Delayed but not Denied:
Martin Luther King Jr. National Memorial Dedication
By Jocelyn Jones
The Martin Luther King Jr. National Memorial on The Mall in Washington, D.C., honors the slain civil rights leader’s vision of freedom and opportunity and his legacy as an enduring figure in the nation’s history.
The monument was to have been dedicated in conjunction with the 48th anniversary of the March on Washington on Aug. 28. However, inclement weather prompted organizers to reschedule the public dedication ceremony on Oct. 16. Since its dedication, tens of thousands of people have made the pilgrimage to view the memorial and to reminisce about all that was accomplished to turn the Baptist preacher’s dream into reality.
On a recent day, Ericka Abrams, who was visiting the memorial from Cleveland, expressed what the memorial meant to her and how King’s contributions impacted her life.
“It represents American exceptionalism and the beauty of humanity,” said Abrams, a public health practitioner and doctoral student in public health. “The fact that the country has finally honored a man of his magnitude and the contributions that he made for the world is a wonderful thing.
“It has impacted my life tremendously,” she added. “I can walk into any institution in this country --- in this world for that matter --- and get an education; gain employment, and my legacy and my children can also do the same. Dr. Martin Luther King Jr., and his legacy and everything he represented for humanity and everything that he did is personified so the world has benefited and continues to benefit thanks to his ultimate sacrifice.”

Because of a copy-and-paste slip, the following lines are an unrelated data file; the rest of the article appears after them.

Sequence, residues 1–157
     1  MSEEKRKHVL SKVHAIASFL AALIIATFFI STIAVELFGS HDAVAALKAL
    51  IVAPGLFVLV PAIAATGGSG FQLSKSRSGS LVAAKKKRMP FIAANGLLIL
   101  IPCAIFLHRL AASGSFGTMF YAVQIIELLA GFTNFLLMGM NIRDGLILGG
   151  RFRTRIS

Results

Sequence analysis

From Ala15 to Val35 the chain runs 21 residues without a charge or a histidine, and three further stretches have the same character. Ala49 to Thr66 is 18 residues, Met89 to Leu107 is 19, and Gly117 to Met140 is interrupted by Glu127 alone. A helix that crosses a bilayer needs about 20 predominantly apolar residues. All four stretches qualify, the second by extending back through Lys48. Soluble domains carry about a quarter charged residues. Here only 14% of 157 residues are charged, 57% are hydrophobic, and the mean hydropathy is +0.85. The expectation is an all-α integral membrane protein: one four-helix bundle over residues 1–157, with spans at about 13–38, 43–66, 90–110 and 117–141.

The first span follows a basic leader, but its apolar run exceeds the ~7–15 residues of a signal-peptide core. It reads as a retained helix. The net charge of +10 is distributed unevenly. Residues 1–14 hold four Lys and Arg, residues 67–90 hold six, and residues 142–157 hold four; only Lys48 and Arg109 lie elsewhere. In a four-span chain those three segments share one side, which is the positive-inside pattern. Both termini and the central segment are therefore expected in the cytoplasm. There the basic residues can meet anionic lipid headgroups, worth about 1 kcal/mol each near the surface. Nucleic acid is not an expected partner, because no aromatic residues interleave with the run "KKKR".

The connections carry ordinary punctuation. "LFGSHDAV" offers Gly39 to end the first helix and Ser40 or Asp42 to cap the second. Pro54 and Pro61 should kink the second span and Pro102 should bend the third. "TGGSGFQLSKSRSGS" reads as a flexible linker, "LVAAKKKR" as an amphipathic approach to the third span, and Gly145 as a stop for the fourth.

At the memorial’s entry portal, two stones are parted and a single wedge is in the center pushed forward toward the horizon. Upon walking into the main entrance there is water that appears on both sides of the main entry; the sound of the water rolling down is peaceful. Further down to the left and right is the inscription wall that shows quotations from King’s great speeches. The wall is surrounded by cherry blossom trees.
The memorial’s overall design is taken from a phrase in King’s “I Have a Dream” speech delivered on the steps of the Lincoln Memorial on Aug. 28, 1963. In that speech that transformed and transfixed the nation, King enunciated his faith that “out of the mountain of despair a stone of hope.”
The memorial was made to capture the essence of Dr. King and his dream. It is intended to show dedication and the essence of his vision of democracy, freedom and opportunity for all people.
“Just walking up here made me feel really proud as though we have accomplished something where we continued to fight for freedom,” said Dawna Baker, a visitor to the memorial. “It means we have come a long way and that we still have a long way to go.”
Alexys Lewis, who was visiting the memorial with classmates from Thomas Stone High School in Waldorf, Md., said King’s message is universal. “To me he wasn’t just a symbol for equality for blacks and whites; he was a symbol for equality for all races.”
Although the memorial is designed to reflect King’s vision for a nation struggling to emerge from slavery and segregation into a future of freedom and racial harmony, it is difficult for any one piece of art to capture his immense legacy. Yet visitors celebrated the monument’s creation as a major step forward in the nation’s ongoing battle for civil rights.
“I think it [represents] a wonderful moment in American history. It is a tribute to Martin Luther King and his remarkable work. … The people who followed him and supported him were both white and black,” said Stew Bloch, a memorial visitor who is white.
“We believed in him and we followed him and this is also a tribute to the United States of America being able to put this monument here among the monument of President Lincoln, President Washington, President Jefferson and President Roosevelt,” Bloch added. “It is remarkable, and a tribute to this country, to his work, and a tribute to all who believed in what he believed in.”